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Thinking About Starting a Business in a Post-Pandemic World?

For entrepreneurs and established corporate leaders, it’s okay to think big, even in the aftermath of a historic pandemic. In fact, big thinking might be what’s needed to get the global economy back on its feet. According to Wall Street Journal reporting, business is booming for big thinkers.

 

To be sure, throughout 2020, many founders and executives were hesitant to push forward with plans to scale. However, they quickly learned that although Covid-19 had changed life, it hadn’t stopped life from happening. Consumers and organizations were still buying; they were just buying differently. Now, those need-based behaviors have become habits.

Does this mean you should plunge headfirst into the first growth strategy or new venture you imagine? Not without some strategic planning. Starting, revamping, expanding, or modifying a business right now takes consideration. Begin by thinking more about these three tips.

1. Explore the edges of your wheelhouse.

Every company or entrepreneur has a wheelhouse. Your wheelhouse is best defined by what you do better than anyone else. By pushing the boundaries of your wheelhouse, you may be able to expand your current operations or launch an innovative startup. 

For Florida-based law firm Anidjar & Levine, their wheelhouse has always been the law. Yet they realized their team’s skill sets and training could help them explore other avenues. Namely, they moved their advertising in-house, began working directly with media market managers, and are tentatively helping non-competing firms with their marketing, too. What wheelhouse ability made them confident they could achieve success by tackling legal marketing? Negotiation.

As Marc Anidjar explains, negotiating is a backbone of law practice. He notes that the same recipe that goes into settling claims and cases works when making ad buys, too: “The relationship must be a win-win. Both parties must understand that their success is tied to the others. As one party grows, so does the other.” 

Take time to examine your company’s wheelhouse carefully. Are there opportunities for you to do more in those areas without… well… reinventing the wheel?

2. Refocus customer touchpoints before unveiling brand changes.

Consumers have become hyper-alert to how they’re treated by companies. They’ve also become more open to switching loyalties if they’re not getting personalized attention and service. For that reason, you have to go beyond just dusting off your dated target prospect personas. You have to map out every possible communication touchpoint you may have with a customer.

This will take some time, but it’s an important step if you want to avoid missing the mark when it comes to wowing prospects and clients. Don’t be daunted by the task, though. Look for places where you may be able to leverage technology to do some of the work.

For instance, can you automate some of your sales funnel processes by relying on AI-enhanced software? This could enable you to stay in touch with warm leads without exhausting your limited human or fiscal resources. Many tech solutions are on the market that will assist you in keeping your brand front and center in a natural-feeling way.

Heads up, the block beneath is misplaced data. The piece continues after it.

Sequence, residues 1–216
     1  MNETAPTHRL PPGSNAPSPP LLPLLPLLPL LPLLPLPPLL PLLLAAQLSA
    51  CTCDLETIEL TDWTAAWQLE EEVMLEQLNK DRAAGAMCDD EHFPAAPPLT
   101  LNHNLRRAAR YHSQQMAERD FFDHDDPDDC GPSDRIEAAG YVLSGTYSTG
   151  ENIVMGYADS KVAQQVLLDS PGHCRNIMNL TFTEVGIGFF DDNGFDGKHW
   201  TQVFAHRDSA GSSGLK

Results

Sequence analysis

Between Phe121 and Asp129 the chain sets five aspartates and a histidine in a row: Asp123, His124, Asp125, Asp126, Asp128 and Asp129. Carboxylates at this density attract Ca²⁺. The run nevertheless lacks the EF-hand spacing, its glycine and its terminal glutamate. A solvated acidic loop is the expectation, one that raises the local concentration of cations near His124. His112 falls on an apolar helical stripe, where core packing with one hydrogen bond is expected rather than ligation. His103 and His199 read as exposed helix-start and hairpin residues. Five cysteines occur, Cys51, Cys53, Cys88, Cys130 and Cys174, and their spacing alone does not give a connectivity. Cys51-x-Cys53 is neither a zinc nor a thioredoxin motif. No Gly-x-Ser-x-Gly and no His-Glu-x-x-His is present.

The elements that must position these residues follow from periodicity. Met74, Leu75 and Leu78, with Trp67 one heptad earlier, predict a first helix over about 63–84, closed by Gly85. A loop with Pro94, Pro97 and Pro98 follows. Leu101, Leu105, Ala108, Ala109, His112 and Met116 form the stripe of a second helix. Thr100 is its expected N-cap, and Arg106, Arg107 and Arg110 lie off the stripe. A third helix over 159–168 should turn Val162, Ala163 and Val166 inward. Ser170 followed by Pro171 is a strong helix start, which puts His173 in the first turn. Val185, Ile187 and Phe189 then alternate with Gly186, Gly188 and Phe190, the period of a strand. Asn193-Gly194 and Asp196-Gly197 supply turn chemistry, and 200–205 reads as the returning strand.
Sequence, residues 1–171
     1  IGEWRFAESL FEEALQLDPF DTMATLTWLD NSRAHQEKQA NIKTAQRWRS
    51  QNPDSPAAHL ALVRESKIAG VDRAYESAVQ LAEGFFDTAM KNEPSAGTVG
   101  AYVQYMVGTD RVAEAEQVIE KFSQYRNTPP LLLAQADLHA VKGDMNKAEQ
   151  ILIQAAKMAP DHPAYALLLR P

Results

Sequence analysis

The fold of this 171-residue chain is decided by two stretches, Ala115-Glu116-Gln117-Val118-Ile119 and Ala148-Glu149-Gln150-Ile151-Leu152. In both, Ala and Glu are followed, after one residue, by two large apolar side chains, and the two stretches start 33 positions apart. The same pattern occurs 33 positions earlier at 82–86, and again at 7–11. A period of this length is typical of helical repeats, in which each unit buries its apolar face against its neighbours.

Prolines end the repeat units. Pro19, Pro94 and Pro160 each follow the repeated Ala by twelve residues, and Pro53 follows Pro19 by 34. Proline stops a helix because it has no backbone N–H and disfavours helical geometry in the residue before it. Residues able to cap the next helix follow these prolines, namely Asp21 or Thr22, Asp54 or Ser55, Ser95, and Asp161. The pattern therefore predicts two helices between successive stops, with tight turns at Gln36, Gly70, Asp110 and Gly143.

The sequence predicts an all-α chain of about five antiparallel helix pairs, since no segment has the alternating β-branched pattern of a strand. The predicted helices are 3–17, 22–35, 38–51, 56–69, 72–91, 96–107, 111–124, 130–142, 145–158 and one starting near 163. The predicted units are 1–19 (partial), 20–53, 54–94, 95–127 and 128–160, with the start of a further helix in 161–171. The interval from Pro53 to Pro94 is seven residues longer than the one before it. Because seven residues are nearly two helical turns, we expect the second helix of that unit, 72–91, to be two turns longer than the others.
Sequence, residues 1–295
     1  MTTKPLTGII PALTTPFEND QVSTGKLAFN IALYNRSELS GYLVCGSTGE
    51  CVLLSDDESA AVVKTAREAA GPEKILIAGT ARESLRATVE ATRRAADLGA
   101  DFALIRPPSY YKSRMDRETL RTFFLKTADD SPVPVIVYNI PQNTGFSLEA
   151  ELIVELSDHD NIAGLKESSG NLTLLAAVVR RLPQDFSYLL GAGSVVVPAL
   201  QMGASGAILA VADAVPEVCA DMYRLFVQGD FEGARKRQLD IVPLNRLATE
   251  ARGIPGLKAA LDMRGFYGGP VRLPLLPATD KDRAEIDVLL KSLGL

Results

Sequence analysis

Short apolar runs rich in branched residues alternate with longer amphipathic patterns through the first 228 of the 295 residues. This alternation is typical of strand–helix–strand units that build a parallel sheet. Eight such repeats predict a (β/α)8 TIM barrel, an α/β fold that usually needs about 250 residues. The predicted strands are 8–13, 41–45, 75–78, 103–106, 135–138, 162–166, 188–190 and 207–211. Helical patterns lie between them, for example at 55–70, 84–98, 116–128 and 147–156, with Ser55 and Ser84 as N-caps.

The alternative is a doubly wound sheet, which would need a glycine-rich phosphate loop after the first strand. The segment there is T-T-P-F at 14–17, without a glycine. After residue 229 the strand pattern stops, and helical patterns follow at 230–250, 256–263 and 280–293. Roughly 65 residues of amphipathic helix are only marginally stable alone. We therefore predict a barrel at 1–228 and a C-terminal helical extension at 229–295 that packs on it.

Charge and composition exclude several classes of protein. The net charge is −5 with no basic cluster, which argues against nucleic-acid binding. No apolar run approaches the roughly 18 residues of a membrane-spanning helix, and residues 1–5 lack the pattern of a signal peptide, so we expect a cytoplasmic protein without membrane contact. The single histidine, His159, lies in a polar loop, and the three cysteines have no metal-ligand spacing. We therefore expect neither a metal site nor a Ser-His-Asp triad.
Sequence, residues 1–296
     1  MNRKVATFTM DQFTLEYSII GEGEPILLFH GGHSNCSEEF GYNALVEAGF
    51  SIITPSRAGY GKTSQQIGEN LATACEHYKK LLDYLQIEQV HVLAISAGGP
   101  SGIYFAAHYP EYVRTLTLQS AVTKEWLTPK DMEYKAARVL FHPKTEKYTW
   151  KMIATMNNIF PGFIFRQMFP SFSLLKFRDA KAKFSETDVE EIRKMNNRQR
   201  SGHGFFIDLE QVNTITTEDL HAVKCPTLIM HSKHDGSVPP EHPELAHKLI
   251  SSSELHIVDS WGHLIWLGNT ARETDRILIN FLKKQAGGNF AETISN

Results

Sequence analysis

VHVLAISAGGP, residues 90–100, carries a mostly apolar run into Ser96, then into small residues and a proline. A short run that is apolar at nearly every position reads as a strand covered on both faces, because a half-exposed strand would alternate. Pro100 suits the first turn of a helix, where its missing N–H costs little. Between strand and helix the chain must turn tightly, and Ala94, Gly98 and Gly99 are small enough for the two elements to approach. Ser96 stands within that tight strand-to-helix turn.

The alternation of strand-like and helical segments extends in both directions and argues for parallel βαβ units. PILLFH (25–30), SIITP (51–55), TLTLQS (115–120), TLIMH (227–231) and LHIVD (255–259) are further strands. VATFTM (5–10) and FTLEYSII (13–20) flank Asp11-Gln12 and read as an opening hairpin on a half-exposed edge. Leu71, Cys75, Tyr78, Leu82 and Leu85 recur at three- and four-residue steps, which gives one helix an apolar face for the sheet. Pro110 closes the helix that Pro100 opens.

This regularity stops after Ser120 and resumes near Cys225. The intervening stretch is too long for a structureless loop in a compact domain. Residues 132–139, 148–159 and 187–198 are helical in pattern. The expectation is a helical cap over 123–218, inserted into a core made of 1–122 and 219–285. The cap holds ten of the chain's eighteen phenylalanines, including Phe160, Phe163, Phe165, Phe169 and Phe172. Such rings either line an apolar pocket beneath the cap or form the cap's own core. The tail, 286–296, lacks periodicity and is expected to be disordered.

The head of Amazing Beauty Hair, CEO Jack Wang, recommends taking advantage of online sites to keep communication and engagement high. “Use every platform you can take advantage of,” he said in an interview with the U.S. Chamber of Commerce. But he warns about overdoing it: “Remind your clients about your existence, but make sure not to be too intrusive.” In other words, find your touchpoint sweet spot and work your magic there.

3. Make a grab for low-interest cash and related recession opportunities. 

One of the lesser talked about aspects of the post-pandemic economy is the availability of loans for businesses. Currently, interest rates on various short-term loans are being held low. This is a move to spur spending and promote growth. 

If you’ve been held back financially from opening up verticals or founding a brand, you may want to consider smart financing vehicles. However, you’ll need to have decent credit to take out a business loan, or personal loan for a startup. Or, you may want to forge a partnership with someone else—or merge with another company—that can get a “yes” on a loan application.

Certainly, you should remain frugal and lean even after receiving money from lenders or alternative sources. Nevertheless, the time to spend wisely may be now. Depending upon your partners and supply chain necessities, you may be able to snag bargains. 

Plus, if you’re looking for a brick and mortar physical location, leasing deals aren’t exactly hard to find. Writes real estate broker Galit Ventura-Rozen in an article on commercial real estate trends, “Vacancies in high-traffic areas make this the perfect time for commercial owners who are looking to expand.” 

For many people, now might seem like a time to hunker down. But if you have an entrepreneurial, disruptive spirit, you may find it the perfect moment to rise up. Your dream could help get the world back on track and into the next normal.

Author : Holly Hutton

Born in the Big Easy and raised in the Sunshine State, Holly has spent the last five years brunching in the Big Apple and bantering with Big Ben. As a wandering writer, techy-in-training, and avid alliterator, Holly has written everything from educational policy and political news briefs to web content and travel blogs. She is thrilled to be a part of the KS team and working with a community of smart, savvy, entrepreneurs on all things startup!

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